Meditation Commentary on James 2:22-26.


22Do you see that faith was working together with his works, and by works faith was made perfect? 23And the Scripture was fulfilled which says, “Abraham believed God, and it was accounted to him for righteousness.” And he was called the friend of God. 24You see then that a man is justified by works, and not by faith only. 25Likewise, was not Rahab the harlot also justified by works when she received the messengers and sent them out another way? 26For as the body without the spirit is dead, so faith without works is dead also.


As we see in verse 22, faith and works are a team – they go hand in hand. The word “perfect” that we see at the end of the verse, comes from the Greek word “teleioo,” which means “to complete.” Therefore, faith is not complete until it is paired with works.

What a challenge we find in verse 23! Abraham had such faith and an intimate walk with God, that he was called the friend of God. That is one of the most honorable titles that one could possibly be called. It is such a blessing that we serve the one true God – the God who longs to have a personal relationship with everyone and wants us to be able to call Him friend. God has the ultimate combination of love and justice. He is merciful in all areas, while being fully righteous and the one true Judge.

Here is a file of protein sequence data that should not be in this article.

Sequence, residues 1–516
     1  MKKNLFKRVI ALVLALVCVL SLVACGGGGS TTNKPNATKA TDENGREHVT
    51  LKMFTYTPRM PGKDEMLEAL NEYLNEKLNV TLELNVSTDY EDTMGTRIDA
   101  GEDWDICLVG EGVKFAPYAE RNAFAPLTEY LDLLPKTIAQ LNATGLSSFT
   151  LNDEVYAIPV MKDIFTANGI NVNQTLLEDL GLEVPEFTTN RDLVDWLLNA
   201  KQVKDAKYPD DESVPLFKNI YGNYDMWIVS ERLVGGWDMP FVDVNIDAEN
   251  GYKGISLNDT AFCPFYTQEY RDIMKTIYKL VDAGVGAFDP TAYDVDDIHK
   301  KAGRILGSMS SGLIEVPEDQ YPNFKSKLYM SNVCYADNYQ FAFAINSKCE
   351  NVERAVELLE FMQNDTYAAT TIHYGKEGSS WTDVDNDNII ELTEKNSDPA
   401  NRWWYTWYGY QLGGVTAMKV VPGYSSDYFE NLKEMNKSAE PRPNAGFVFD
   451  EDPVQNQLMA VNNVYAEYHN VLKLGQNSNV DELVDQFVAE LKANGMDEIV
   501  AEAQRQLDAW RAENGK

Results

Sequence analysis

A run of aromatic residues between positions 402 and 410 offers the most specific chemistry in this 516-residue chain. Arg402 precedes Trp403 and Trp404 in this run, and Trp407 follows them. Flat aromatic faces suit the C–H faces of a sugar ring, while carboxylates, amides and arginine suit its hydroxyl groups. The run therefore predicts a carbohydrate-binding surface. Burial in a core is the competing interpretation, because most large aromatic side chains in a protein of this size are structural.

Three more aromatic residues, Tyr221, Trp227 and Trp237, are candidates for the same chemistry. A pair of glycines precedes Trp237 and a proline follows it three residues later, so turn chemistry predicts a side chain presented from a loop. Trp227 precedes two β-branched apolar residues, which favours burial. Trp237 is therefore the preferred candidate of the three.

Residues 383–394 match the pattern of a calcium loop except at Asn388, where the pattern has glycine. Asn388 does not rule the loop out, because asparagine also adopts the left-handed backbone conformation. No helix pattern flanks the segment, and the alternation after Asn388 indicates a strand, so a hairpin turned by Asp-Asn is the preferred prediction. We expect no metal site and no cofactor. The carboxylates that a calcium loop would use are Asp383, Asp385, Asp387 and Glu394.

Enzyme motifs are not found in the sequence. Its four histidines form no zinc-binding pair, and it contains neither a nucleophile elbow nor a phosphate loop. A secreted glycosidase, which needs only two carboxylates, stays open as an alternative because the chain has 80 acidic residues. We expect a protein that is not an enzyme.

Verse 24 is another clear reminder that truly converted Christians cannot have faith alone, but our faith should be coupled with works, which are a natural result of our love for God.

The 2nd chapter of James is filled with wonderful comparisons and references to Scripture that is relative to the topic. We find a reference made to a woman who literally put her life on the line in order to protect two of God’s men. If I was to make a list of passages in the Bible that directly relate to faith and works being joined together, I do not believe that this is a story I would have used. It is remarkable how many times my ways are not God’s ways. This is a challenge for me to dig deeper into the word of God.

Yet again, we find a stark comparison made to faith and works; this time an analogy of out body without the spirit being dead and faith without works being dead. From the repetitive nature of this chapter, we see time and time again how important it is to have not only faith, and not only works, but a combination of both faith and works in our lives.


By Zachary Childers